responses can be computed efficiently in one channel. All important free parameters are selected through cross-validation. Thus far, close to 1000 whole slide images have been processed, and the data has been made publicly available through our website at http://tcga.lbl.gov
. In addition, segmentation results, from the whole mount tissue sections, are available for quality control through a web-based zoomable interface.
Work flow in Nuclear Segmentation for a cohort of whole mount tissue sections.
Essentially, nuclear segmentation provides the basis for morphometric representation on a cell-by-cell basis. As a result, tumor histology can be represented as a meaningful data matrix, where well-known bioinformatics and statistical tools can be readily applied for hypotheses generation. For example, a large cohort facilitates tumor subtyping based on computed morphometric features. Each subtype can then be (i) tested for its prognostic value, and (ii) utilized for identifying molecular basis of each subtype for hypothesis generation. In the case of GBM, prognostic and/or predictive subtypes have also been posted on our Web site.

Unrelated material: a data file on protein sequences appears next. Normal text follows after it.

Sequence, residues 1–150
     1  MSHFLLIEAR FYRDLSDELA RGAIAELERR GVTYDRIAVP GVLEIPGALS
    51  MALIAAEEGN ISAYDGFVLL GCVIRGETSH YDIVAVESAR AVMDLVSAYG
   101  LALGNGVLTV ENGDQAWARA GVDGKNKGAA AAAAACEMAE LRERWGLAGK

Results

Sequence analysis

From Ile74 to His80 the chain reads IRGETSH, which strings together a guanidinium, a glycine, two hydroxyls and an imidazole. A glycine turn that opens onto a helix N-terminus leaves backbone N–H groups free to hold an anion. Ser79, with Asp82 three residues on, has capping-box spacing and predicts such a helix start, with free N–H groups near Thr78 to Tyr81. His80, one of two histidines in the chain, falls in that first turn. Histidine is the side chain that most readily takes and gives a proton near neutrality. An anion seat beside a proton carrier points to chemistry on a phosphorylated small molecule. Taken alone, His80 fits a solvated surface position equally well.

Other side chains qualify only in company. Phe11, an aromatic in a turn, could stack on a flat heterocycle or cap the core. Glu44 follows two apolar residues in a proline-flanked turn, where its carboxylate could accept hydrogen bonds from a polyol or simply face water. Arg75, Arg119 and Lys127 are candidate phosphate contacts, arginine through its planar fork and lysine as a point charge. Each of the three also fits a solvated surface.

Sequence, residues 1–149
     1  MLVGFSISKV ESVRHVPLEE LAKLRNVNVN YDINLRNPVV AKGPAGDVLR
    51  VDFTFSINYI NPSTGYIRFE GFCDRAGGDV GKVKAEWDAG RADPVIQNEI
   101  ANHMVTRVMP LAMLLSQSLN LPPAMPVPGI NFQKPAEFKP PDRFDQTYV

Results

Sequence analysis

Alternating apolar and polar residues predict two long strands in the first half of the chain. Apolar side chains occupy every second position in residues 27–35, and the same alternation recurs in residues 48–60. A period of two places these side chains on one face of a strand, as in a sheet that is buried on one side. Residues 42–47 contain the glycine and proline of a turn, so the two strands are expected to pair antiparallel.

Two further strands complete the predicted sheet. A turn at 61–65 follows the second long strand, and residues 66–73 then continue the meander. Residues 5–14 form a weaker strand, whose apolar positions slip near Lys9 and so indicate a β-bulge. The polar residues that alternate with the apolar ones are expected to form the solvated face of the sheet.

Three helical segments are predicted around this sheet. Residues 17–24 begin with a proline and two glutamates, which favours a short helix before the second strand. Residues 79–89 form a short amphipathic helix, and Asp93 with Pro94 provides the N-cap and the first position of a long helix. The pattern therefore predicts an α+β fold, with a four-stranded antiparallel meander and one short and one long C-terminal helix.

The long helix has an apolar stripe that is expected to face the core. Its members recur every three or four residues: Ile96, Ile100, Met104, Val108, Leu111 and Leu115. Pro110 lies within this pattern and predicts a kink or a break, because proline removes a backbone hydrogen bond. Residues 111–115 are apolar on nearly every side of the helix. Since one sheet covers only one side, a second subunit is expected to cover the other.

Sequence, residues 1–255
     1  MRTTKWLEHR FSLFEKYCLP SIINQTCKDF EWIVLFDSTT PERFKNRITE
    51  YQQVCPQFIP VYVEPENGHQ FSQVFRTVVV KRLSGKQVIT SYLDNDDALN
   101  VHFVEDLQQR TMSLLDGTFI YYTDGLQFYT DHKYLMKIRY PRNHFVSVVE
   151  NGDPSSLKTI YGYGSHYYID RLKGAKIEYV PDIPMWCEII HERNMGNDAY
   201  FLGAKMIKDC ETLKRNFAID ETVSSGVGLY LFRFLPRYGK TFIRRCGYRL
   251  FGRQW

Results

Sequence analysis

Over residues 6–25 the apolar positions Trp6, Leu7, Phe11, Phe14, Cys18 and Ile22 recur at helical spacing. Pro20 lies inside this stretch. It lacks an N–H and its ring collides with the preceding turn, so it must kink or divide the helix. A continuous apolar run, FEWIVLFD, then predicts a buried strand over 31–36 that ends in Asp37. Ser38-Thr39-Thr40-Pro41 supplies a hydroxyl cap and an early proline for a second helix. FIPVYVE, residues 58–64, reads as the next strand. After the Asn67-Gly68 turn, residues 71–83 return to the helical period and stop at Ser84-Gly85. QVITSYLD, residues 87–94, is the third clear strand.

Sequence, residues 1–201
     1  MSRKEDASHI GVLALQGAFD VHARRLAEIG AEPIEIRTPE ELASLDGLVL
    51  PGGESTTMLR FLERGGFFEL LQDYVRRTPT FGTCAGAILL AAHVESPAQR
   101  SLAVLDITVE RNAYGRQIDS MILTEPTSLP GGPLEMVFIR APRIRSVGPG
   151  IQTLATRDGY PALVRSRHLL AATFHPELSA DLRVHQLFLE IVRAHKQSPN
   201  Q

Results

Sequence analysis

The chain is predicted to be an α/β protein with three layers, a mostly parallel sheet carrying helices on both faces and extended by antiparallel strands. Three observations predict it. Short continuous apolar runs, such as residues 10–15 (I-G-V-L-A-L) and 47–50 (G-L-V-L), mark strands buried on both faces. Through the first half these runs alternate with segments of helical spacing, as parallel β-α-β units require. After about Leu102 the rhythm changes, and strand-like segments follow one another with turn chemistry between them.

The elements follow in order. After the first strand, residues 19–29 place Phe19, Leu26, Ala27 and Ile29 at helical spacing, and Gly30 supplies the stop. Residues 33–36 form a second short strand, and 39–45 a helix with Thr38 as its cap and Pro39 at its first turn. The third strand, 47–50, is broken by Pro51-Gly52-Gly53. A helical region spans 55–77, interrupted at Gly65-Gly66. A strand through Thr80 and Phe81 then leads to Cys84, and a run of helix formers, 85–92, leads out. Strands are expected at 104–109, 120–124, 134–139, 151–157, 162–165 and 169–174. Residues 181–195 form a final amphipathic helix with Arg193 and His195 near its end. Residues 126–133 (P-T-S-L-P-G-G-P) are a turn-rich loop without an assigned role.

Organization of this paper is as follows: Section II reviews previous research with a focus on quantitative representation of the H&E sections for translational medicine. Sections III and IV describes the details of the image-based modeling for nuclear segmentation and experimental validation, respectively. Section V examines one application of nuclear segmentation of morphometric subtyping and molecular association for hypothesis generation. Lastly, section VI concludes the paper.